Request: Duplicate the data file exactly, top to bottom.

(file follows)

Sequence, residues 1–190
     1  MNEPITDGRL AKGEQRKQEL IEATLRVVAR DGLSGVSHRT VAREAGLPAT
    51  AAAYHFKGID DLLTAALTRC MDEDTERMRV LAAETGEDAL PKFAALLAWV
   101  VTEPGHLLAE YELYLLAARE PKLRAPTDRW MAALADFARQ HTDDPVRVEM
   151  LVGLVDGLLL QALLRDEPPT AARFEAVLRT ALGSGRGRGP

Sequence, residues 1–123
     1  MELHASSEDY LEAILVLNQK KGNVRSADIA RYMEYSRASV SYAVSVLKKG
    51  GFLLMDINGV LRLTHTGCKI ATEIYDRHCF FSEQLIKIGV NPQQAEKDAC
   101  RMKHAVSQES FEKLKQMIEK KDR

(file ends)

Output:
Sequence, residues 1–190
     1  MNEPITDGRL AKGEQRKQEL IEATLRVVAR DGLSGVSHRT VAREAGLPAT
    51  AAAYHFKGID DLLTAALTRC MDEDTERMRV LAAETGEDAL PKFAALLAWV
   101  VTEPGHLLAE YELYLLAARE PKLRAPTDRW MAALADFARQ HTDDPVRVEM
   151  LVGLVDGLLL QALLRDEPPT AARFEAVLRT ALGSGRGRGP

Sequence, residues 1–123
     1  MELHASSEDY LEAILVLNQK KGNVRSADIA RYMEYSRASV SYAVSVLKKG
    51  GFLLMDINGV LRLTHTGCKI ATEIYDRHCF FSEQLIKIGV NPQQAEKDAC
   101  RMKHAVSQES FEKLKQMIEK KDR